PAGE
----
For Windows to work on tablets and touchscreens, it needed to be designed with fingers, short battery life, and on-the-go tasks in mind.
Microsoft accomplished that with Windows 8 by redesigning everything, right through to the first screen you see before you log on. That "lock screen," which displays at boot-up and when the screen times out, shows quick-glance information about users' next calendar appointment, how many e-mails and messages they have, battery life and Wi-Fi signal strength.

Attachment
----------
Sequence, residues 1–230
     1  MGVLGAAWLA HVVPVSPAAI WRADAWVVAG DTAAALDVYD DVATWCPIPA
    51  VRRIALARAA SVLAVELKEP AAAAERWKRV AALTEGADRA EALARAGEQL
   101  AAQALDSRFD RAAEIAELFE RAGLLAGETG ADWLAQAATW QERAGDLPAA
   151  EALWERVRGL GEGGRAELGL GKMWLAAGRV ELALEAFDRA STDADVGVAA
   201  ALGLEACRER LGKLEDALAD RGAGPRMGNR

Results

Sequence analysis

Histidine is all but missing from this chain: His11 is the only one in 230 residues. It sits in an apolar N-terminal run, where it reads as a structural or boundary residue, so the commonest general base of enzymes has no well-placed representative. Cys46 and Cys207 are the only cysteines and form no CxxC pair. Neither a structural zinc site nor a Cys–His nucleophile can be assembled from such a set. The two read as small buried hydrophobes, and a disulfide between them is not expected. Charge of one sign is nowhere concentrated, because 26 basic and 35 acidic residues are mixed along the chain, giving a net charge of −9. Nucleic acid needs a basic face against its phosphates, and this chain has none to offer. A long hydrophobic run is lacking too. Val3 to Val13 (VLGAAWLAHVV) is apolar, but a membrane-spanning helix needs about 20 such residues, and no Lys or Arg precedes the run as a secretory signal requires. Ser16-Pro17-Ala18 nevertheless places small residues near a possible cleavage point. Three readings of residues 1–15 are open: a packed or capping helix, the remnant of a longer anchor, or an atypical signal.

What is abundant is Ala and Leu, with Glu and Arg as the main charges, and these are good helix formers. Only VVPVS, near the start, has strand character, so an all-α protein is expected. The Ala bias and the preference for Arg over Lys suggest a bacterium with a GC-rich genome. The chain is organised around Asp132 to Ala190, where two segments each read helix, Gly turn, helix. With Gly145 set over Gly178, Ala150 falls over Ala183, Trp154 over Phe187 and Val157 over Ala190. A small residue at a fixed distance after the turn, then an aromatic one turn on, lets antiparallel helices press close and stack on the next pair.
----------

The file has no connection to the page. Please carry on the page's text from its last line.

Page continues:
Users navigate out of this lock screen to begin using applications with an upwards swipe of the finger, or a swing of the mouse.
Windows 8 is coming soon -- and it looks nothing like the Windows you're used to.
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